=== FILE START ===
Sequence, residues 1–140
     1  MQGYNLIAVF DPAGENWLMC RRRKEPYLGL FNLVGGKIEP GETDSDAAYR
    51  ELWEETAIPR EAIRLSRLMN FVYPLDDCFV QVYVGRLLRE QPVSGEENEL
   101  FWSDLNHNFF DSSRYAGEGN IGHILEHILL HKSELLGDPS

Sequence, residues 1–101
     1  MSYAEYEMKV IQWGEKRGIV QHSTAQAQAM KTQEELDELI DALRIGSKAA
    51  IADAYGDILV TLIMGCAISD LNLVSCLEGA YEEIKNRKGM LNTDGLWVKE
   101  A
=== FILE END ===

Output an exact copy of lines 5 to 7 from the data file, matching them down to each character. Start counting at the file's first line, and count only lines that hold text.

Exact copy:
Sequence, residues 1–101
     1  MSYAEYEMKV IQWGEKRGIV QHSTAQAQAM KTQEELDELI DALRIGSKAA
    51  IADAYGDILV TLIMGCAISD LNLVSCLEGA YEEIKNRKGM LNTDGLWVKE